Macrolides

| Home | | Pharmaceutical Microbiology | | Pharmaceutical Microbiology |

Chapter: Pharmaceutical Microbiology : Antibiotics And Synthetic Antimicrobial Agents: Their Properties And Uses

The macrolide antibiotics are large molecules comprising 12–16-membered lactone rings linked through glycosidic bonds with amino sugars. Erythromycin was the first member of the group to be discovered in 1952 and it is still an important antibiotic today.


MACROLIDES

 

The macrolide antibiotics are large molecules comprising 12–16-membered lactone rings linked through glycosidic bonds with amino sugars. Erythromycin was the first member of the group to be discovered in 1952 and it is still an important antibiotic today. It was quickly followed 2 years later by spiramycin and oleandomycin but, although still available in certain countries, these last two are now little used. Erythromycin suffers from several disadvantages: its antimicrobial spectrum is largely restricted to Gram-positive species, it has poor acid stability so its absorption is erratic, it commonly exhibits gastrointestinal side effects and bacteria acquire resistance to it relatively easily. These shortcomings prompted the search for new macrolides, and several semisynthetic derivatives were forthcoming: roxithromycin was marketed in 1987, clarithromycin and azithromycin in 1991 and the most recent, telithromycin, in 2001. Erythromycin (Figure 11.8) and roxithromycin are chemically similar in possessing a 14-membered ring structure. A distinction is sometimes drawn between them and both azithromycin which, strictly speaking, is an azalide (a 15-membered ring containing an additional nitrogen atom) and telithromycin which is a ketolide (a 14-membered ring with an additional keto group). The term macrolide, however, is commonly used to describe all five antibiotics, and that terminology will be used here.



The macrolides are active against most Gram-positive bacteria, Neisseria and H. influenzae but, with the excep tion of azithromycin, not against the Enterobacteriaceae. Because their antibacterial spectrum is similar to those of the early penicillins, the macrolides were, and still are, considered alternatives for patients with penicillin allergy. They are commonly used for respiratory, skin and soft tissue infections, but one of the factors that stimulated the development of the more recent macrolides was their activity against emerging pathogens like species of Legionella, Campylobacter, Helicobacter and Chlamydia, as well as some mycoplasmas and rickettsias and the Mycobacterium avium complex to which AIDS/HIV patients are susceptible. The semisynthetic macrolides do not afford a significant advantage over erythromycin in terms of their activity against staphylococci, streptococci and enterococci, but they represent an advantage in several other respects: they are generally more active against the other organisms mentioned above; they exhibit better stability and pharmacokinetics, thus permitting less frequent dosage and better tissue penetration; they generally have fewer side effects; and, particularly in the case of telithromycin and other ketolides, they may be active against some strains that have acquired resistance to erythromycin, and they are, themselves, less vulnerable to resistance development.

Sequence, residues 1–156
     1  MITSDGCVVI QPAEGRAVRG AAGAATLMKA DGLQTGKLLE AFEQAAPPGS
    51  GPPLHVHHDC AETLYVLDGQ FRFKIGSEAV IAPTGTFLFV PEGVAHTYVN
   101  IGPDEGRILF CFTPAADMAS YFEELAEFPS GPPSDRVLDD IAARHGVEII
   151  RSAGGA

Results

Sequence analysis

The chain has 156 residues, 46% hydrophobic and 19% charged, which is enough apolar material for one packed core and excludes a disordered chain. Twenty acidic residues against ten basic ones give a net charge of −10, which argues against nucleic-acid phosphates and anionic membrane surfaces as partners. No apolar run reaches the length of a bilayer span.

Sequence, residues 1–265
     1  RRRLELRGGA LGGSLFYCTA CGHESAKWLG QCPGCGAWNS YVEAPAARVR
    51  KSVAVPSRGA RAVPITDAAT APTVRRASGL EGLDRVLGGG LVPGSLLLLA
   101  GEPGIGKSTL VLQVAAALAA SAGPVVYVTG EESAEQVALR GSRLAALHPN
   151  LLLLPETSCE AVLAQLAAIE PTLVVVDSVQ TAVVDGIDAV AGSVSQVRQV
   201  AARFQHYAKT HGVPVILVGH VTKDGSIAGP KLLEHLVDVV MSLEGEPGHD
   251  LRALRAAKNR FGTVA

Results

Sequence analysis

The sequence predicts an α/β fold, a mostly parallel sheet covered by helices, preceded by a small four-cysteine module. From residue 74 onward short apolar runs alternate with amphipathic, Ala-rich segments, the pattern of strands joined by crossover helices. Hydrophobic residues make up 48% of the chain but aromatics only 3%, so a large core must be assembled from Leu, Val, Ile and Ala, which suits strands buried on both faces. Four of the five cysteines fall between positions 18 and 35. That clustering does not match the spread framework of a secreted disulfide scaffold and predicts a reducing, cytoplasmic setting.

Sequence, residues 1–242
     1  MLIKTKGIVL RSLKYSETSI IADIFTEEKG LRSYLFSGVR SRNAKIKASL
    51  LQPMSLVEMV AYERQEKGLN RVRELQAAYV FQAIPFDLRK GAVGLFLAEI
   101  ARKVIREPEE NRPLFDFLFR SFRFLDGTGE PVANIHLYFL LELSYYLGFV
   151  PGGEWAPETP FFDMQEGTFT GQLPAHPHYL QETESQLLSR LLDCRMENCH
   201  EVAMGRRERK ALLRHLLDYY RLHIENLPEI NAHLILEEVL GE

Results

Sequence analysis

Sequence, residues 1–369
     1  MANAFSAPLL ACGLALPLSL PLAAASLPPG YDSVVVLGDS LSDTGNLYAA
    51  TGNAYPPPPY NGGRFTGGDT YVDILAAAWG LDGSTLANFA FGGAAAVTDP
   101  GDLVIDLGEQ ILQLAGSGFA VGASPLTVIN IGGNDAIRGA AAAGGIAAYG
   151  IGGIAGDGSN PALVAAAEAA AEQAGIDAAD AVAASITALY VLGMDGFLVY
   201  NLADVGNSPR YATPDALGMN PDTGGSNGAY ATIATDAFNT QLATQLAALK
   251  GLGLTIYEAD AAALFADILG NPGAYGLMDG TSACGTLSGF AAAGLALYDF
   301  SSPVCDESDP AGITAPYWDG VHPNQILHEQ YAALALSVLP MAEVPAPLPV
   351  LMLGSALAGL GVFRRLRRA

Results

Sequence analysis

The macrolides all act by inhibiting protein synthesis in bacteria and they are regarded as bacteristatic drugs, although bactericidal activity may be achieved at high concentrations. The antimicrobial activity of erythromycin is pH-dependent, increasing with pH up to about 8.5, and the same effect occurs to varying degrees with other members of the group. The macrolides are extremely bitter and their tablets are often coated, both to disguise the taste and to protect the antibiotic from stomach acid. Erythromycin exhibits particularly poor acid stability and erratic oral absorption, and a variety of esters have been used to minimize these problems which, although present, are much less evident in the semisynthetic molecules.


All the macrolides are orally active and they are concentrated intracellularly, particularly into neutrophils by which they are transported to infection sites. The longer elimination half-lives of the newer drugs permit less frequent dosing than that required for erythromycin. The group as a whole are regarded as relatively safe antibiotics which do not exhibit severe adverse reactions, although gastrointestinal disturbances (nausea, vomiting, abdominal pain and, infrequently, diarrhoea) are relatively common with erythromycin and much reduced or absent in the others. These and other characteristics are summarized in Table 11.4.

 


Contact Us, Privacy Policy, Terms and Compliant, DMCA Policy and Compliant

TH 2019 - 2022 pharmacy180.com; Developed by Therithal info.